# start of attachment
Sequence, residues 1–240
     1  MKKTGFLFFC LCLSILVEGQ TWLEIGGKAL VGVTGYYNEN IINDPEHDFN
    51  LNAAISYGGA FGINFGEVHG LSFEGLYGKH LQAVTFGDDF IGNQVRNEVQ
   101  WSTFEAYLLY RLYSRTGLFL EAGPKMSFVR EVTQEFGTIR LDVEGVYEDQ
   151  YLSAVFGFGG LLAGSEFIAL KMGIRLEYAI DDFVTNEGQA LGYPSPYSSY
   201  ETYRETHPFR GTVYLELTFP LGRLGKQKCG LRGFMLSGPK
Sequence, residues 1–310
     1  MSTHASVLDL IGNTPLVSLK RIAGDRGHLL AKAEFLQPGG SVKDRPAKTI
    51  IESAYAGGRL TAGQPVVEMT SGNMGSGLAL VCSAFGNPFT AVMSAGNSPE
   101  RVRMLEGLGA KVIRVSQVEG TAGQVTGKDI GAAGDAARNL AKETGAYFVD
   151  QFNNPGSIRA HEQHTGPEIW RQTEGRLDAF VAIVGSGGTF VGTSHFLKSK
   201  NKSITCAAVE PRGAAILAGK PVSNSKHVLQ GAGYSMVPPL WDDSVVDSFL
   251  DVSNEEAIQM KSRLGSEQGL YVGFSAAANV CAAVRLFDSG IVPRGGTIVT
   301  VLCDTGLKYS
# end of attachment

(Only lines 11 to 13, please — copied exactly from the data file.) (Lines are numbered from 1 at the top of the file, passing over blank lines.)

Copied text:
   151  QFNNPGSIRA HEQHTGPEIW RQTEGRLDAF VAIVGSGGTF VGTSHFLKSK
   201  NKSITCAAVE PRGAAILAGK PVSNSKHVLQ GAGYSMVPPL WDDSVVDSFL
   251  DVSNEEAIQM KSRLGSEQGL YVGFSAAANV CAAVRLFDSG IVPRGGTIVT